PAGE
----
Film Reviews

The Little Strangers, Netflix’s The Lodgers & How We Talk About Gothic Horror Movies

I’ll get to my specific thoughts about The Lodgers in a second. But, first this:







These are but some of the buzzwords we reviewers and film fans repeatedly use to describe the artsier, more patient wing of the horror genre. Some horror films devote all of their attention to time-tested thrills, creature effects, and gore and deliver that up to audiences with unrestrained glee; others favor lush cinematography, gorgeous production design, and impeccably paced dread which only gives way to traditional scares at the end. The former wants to yell “Boo” and laugh when you scream whereas the latter wants to dig deep down into your very core and forever unnerve you. The former is what we generally think of when we talk about horror movies; the latter is something more complicated.

So, we’ve developed a shorthand for how to talk about those kinds of movies, yet this always seems to play out the same exact way: a subgroup of slow cinema devotees raise expectations through their sheer enthusiasm and film circle influence, but then the wider audience reacts with yawns and Letterboxd reviews like “That was the most boring thing I’ve ever seen” or “I don’t normally fall asleep during movies, but….” (actual quotes, btw).

As a bonus, The Lodgers was filmed in Ireland’s reportedly haunted manor Loftus Hall. It’s a haunted house movie set in an actual haunted house!

This familiar dance played out over the weekend with two new movies. The first, The Lodgers, is Netflix’s Irish period piece about a twin brother and sister living alone together in a mysterious, supernatural mansion which seems to be controlling them. It’s the sophomore effort from Let Us Prey director Brian O’Malley. The second is The Little Strangers, Lenny Abrahamson’s post-Room project about a country doctor (Domhnall Gleeson) visiting a supposedly haunted English manor overseen by Ruth Wilson in 1948. Both have been described by reviewers as, you guessed it, “gothic,” “atmospheric,” and “slow-burn.” Their respective Rotten Tomatoes consensus opinions are practically dog whistles shouting “Stay far away!” to those who prefer jump scares over atmosphere:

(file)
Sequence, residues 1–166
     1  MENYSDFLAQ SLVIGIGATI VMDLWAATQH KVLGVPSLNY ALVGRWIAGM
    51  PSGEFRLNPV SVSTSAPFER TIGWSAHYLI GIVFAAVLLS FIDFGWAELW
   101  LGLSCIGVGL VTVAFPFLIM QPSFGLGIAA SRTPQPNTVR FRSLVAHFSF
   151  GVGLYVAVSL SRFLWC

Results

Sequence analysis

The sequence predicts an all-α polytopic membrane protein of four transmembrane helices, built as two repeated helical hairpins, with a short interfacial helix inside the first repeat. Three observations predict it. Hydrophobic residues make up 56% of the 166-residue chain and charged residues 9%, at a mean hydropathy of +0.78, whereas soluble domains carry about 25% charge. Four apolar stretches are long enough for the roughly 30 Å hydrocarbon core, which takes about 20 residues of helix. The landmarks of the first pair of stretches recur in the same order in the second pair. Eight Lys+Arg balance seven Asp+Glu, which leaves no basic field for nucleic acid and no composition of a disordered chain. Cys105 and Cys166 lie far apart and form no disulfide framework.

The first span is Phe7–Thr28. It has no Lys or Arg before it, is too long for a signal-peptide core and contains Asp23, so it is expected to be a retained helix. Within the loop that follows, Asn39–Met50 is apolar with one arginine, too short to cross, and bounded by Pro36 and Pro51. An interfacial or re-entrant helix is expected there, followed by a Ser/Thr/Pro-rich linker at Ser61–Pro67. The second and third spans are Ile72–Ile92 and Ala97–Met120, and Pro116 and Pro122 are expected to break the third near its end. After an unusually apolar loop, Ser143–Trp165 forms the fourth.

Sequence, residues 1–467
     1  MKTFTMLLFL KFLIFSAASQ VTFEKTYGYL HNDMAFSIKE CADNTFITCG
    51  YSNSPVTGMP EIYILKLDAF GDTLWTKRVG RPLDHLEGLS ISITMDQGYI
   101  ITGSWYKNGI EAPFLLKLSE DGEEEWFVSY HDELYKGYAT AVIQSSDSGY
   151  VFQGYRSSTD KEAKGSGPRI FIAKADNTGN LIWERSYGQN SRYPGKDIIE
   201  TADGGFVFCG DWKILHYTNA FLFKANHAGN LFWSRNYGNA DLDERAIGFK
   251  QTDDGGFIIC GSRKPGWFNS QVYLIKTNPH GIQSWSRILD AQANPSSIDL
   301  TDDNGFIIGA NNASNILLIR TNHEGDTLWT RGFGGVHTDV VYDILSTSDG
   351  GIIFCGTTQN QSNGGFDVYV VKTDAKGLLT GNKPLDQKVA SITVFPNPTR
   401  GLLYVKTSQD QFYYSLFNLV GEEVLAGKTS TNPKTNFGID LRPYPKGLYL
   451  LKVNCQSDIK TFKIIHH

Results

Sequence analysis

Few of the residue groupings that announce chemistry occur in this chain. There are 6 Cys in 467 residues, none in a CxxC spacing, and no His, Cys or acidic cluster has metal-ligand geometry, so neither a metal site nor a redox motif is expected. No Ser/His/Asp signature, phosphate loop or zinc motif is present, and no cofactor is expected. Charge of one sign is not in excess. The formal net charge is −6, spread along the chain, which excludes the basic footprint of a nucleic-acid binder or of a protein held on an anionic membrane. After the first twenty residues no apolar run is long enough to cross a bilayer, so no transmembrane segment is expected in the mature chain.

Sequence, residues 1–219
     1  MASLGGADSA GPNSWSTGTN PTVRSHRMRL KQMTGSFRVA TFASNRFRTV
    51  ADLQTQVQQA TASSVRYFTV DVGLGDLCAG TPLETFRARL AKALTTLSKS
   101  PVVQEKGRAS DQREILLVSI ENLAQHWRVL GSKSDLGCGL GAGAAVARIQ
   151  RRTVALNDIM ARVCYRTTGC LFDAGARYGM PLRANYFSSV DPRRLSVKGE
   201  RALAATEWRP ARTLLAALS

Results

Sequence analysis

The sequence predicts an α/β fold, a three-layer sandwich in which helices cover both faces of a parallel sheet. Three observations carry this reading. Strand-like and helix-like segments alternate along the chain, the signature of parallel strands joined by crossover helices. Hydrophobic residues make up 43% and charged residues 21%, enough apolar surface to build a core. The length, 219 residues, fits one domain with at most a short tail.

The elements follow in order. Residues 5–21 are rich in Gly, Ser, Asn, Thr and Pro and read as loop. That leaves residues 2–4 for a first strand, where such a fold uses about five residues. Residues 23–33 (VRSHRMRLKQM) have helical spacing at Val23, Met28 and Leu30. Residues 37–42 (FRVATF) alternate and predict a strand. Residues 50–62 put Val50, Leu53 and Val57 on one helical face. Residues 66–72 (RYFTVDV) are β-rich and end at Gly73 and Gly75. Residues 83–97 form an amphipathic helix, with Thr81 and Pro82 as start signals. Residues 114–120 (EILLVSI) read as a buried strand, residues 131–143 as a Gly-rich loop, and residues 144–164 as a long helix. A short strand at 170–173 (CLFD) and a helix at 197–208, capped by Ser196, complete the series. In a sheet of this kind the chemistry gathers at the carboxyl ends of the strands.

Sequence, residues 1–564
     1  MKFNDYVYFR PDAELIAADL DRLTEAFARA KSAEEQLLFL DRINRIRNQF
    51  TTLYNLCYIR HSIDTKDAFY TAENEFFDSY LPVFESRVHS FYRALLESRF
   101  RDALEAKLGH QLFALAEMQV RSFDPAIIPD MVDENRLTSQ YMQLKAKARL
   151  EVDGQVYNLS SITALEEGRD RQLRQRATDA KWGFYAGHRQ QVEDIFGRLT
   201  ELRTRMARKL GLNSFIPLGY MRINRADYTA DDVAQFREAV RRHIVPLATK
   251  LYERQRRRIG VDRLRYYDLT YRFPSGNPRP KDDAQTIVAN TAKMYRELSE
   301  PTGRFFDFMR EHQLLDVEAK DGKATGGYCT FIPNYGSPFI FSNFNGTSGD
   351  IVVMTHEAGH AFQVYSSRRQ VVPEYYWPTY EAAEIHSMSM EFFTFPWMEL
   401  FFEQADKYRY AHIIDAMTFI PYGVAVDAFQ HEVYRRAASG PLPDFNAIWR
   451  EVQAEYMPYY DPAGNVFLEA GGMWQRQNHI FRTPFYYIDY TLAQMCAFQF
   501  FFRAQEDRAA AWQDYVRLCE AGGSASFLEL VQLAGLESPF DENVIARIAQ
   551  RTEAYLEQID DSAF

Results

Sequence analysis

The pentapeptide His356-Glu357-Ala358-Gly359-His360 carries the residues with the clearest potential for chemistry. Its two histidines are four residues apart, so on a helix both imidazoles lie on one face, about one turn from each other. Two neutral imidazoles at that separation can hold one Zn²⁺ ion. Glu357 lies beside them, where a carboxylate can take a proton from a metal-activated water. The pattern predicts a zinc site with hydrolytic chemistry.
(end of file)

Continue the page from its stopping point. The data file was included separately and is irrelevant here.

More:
The Lodgers

The Little Strangers

Some of the raves seem to be dripping with “Finally, I get to use my English degree” analysis (not that I, the guy with a site called We Minored In Film, can really throw shade): “A hypnotic and haunting tale of how the past can grab hold of the flesh-and-blood present and squeeze. Don’t let this mesmerizing mystery slip between the cracks of studio neglect and marketing indifference. It’s spellbinding,” shouts Rolling Stones’ Peter Travers of The Little Strangers.

“Seeps with oppressive, moldy atmosphere, and with the sense that adulthood’s inexorable approach will bring eternal horror for this young duo, as the cycles of familial abuse rise like damp to infect each new generation with its own monstrousness,” observes SciFi Now’s Anton Bitel of The Lodgers.

Yeah, but are they scary?

So often, that’s all audiences ask of their horror movies. It’s why film nerds like myself have to repeatedly explain why it’s okay and possibly even more rewarding when something like Split lacks traditional scares but makes up for it with character and mood. Sometimes, we just fall back on a helpful shorthand, our own Amazon-like “If you like x you might also like y” formula.

For example, will you like The Lodgers and/or The Little Strangers? Well, how do you feel about The Others, The Innocents, or any other adaptations of Henry James’ The Turn of the Screw? If you like those, you’re in business. What are your thoughts on period piece horror movies starring pasty British people being haunted in some isolated, centuries-old mansion, like The Woman in Black or The Awakening? If that’s your jam, then you don’t even really need to read any reviews. You’ll dig The Lodgers and The Little Strangers, imperfections and all.